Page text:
At intimate distance, Glimmering Girls captures the subtleties of adolescent discovery, how innocence negotiates the “biological imperative.” Writing in the present tense, Gerber hovers in the moment as her heroine flirts with adulthood while keeping hard decisions at bay.
Francie is a senior at the University of Florida at Gainesville in 1959. Mary Ellen occupies the dorm room like a Buddha and fortune-teller whose prophecy is “a cover for every pot.” Francie’s friends Amanda and Liz talk her into moving off campus with them and three boys in a platonic household. She agrees, but keeps her parents in the dark about this radical arrangement. Francie meets Joshua, a music major, and experiences romantic love so intense she’s on Cloud Nine. Liz encourages Francie to be happy and “have fun in the here and now,” but graver issues intrude.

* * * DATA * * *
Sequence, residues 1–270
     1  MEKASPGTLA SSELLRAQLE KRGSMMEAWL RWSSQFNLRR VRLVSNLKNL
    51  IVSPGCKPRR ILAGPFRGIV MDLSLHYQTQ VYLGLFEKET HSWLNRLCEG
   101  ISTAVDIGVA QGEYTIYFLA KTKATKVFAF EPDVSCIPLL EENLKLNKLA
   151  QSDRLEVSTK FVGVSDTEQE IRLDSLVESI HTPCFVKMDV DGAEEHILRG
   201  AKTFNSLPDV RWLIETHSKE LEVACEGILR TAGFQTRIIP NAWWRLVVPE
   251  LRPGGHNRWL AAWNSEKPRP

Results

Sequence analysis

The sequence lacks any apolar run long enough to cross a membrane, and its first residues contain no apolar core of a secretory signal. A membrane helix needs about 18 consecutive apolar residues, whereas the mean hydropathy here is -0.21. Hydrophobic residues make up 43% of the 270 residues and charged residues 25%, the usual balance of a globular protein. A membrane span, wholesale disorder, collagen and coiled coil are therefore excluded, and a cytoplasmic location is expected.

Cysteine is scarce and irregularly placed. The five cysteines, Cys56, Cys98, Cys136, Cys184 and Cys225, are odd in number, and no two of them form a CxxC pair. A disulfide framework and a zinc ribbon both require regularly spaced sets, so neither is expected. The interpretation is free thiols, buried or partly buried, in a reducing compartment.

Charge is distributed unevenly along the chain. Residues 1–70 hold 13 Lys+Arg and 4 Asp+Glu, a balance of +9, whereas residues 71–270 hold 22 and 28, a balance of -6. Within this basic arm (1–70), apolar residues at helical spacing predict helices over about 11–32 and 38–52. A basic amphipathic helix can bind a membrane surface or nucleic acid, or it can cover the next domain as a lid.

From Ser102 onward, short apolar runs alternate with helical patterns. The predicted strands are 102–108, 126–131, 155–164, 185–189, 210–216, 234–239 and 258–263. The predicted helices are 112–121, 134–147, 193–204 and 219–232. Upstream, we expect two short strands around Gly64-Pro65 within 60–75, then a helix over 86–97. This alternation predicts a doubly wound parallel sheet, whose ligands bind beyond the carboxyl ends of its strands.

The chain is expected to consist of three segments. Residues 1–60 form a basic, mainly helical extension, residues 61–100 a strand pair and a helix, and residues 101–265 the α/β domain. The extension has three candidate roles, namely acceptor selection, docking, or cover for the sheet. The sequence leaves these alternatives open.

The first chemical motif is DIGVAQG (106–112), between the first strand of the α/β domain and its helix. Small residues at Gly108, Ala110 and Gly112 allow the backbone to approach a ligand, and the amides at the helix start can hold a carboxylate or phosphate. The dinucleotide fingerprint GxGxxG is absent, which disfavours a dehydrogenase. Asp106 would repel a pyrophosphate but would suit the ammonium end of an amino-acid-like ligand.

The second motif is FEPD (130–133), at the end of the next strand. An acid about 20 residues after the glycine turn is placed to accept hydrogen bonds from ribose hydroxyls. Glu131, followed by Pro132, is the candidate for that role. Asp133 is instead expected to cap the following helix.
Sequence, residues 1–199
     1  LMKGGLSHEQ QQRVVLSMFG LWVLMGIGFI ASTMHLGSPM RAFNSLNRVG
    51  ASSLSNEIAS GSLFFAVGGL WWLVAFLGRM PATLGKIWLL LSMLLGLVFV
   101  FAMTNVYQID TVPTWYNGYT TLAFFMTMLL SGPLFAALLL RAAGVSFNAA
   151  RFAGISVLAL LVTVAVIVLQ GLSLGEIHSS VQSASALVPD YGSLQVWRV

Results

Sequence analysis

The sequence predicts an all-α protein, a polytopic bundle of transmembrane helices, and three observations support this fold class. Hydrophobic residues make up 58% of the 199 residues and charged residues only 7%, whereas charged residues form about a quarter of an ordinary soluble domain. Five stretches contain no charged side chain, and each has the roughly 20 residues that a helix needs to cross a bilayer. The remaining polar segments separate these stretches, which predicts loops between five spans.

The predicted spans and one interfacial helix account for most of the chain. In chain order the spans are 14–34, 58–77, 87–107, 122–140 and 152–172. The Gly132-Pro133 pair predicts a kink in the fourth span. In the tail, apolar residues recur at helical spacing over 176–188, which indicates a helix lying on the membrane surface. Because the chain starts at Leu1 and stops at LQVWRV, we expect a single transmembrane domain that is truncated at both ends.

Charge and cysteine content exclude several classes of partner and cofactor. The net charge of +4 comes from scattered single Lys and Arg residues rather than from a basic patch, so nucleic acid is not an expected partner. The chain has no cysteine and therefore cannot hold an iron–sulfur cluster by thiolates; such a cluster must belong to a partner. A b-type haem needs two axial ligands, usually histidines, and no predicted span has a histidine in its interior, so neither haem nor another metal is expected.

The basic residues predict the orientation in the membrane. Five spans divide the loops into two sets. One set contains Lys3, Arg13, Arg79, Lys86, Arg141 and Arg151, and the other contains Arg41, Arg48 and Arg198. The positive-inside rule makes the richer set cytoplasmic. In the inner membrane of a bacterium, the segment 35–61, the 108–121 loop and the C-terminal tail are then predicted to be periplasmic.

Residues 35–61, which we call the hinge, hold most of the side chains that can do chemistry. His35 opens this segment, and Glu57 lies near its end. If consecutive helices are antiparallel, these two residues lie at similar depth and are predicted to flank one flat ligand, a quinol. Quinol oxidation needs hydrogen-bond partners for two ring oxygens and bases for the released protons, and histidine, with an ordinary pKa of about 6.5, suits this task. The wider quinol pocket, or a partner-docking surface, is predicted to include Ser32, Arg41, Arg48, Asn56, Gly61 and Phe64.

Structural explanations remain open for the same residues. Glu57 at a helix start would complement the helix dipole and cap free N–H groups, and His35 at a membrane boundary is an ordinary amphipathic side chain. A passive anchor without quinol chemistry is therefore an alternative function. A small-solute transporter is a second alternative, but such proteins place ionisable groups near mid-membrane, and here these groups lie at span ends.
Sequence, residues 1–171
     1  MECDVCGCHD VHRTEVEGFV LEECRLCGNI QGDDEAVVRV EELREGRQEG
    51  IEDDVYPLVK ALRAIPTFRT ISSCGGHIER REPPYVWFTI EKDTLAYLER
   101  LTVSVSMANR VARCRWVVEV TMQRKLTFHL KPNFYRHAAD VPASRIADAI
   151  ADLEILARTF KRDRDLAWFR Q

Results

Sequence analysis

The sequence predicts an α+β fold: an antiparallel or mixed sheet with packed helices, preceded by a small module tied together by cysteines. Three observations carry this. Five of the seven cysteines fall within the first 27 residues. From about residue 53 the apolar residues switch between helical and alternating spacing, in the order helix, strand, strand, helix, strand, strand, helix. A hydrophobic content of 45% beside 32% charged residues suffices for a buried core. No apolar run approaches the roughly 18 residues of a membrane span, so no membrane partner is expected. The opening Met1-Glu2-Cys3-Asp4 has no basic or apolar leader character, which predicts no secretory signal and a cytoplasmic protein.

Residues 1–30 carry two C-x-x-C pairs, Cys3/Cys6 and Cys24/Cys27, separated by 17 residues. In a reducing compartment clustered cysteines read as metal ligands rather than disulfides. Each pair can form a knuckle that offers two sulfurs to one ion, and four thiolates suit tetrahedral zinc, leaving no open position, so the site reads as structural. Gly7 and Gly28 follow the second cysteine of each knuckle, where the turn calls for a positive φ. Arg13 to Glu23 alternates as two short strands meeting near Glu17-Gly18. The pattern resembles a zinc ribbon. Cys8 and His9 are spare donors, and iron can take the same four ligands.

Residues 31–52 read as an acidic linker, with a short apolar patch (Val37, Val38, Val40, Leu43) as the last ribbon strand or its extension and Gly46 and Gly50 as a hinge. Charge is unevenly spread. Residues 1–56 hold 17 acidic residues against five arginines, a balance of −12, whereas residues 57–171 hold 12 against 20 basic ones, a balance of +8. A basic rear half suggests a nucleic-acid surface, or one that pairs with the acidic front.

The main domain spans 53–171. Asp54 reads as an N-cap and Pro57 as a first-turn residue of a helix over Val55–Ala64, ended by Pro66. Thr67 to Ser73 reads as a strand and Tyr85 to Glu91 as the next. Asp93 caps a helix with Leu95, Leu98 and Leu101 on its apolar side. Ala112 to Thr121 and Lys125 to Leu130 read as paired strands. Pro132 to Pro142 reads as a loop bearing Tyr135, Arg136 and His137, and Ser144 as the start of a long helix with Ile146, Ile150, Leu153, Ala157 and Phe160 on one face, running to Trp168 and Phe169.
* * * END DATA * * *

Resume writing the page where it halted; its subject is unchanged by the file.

By observing the unities of theme, place, time and character, Gerber evokes an age that was just a glimmer.